At Ada Gallery this month, she shows flesh-colored and oddly squeezable sculpture made with repeated areas of back, groin and buttock. These forms are frequently mirrored so that their origin is obscured, as in "Column," in which a section of her back stacks up to form a column that reaches to the gallery ceiling. Slightly Byzantine in appearance, the structure suggests how human scale informs so much of what we understand and remember. But in her two versions of "Seat," both of which really function as a surface to sit upon, the artist's backside is distorted and duplicated to suggest a strange new life form. Humorously grotesque and surreal, Henne's lumpy forms seem to demote our worth as humans to the same as cows and other fleshy things, while reminding us of just how strangely foreign our physical selves can seem. P.R-P.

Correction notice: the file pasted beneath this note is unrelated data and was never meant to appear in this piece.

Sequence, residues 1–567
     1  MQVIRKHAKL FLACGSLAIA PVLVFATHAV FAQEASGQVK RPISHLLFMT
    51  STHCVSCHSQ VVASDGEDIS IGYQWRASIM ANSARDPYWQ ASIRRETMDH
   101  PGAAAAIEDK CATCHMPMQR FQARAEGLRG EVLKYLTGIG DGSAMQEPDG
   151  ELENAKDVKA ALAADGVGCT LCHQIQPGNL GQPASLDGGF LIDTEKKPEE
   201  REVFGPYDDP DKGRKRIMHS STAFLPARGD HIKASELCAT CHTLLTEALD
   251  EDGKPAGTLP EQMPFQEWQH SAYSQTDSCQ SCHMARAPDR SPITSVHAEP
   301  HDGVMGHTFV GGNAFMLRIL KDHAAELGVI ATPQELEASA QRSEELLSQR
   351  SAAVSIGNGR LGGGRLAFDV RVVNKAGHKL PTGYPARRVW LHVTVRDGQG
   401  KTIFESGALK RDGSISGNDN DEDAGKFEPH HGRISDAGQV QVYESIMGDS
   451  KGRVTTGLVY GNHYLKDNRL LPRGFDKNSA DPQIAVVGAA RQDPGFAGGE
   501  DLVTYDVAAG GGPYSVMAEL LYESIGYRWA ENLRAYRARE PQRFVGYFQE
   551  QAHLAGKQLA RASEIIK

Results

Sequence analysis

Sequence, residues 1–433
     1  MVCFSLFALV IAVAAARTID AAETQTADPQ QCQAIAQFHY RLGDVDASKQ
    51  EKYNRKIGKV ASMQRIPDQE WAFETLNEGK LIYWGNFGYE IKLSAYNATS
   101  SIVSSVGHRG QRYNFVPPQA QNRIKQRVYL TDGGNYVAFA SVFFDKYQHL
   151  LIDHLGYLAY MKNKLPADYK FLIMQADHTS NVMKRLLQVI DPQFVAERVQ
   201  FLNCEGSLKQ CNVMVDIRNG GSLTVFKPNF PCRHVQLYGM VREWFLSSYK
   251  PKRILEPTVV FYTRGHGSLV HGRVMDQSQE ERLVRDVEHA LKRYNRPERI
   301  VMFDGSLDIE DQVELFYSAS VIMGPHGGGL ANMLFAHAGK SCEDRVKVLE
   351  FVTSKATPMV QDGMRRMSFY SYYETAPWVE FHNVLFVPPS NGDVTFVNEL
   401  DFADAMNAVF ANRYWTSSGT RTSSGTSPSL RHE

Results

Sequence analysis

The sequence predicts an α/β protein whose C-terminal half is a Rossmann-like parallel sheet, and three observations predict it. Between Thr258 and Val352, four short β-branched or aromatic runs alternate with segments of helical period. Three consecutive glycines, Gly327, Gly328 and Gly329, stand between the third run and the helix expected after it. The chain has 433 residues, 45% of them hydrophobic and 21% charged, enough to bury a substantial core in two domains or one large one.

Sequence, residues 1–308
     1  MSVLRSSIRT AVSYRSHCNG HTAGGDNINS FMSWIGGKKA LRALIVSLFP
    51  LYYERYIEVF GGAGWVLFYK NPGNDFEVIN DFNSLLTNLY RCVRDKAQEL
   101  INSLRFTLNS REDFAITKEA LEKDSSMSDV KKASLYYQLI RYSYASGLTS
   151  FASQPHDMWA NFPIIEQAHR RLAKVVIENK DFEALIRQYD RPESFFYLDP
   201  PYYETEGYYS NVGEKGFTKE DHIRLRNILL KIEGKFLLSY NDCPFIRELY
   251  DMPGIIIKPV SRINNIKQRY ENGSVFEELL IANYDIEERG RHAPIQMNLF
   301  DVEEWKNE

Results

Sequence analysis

Henne's sculpture exhibit runs through October at Ada Gallery, 228 W. Broad St. 644-0100.
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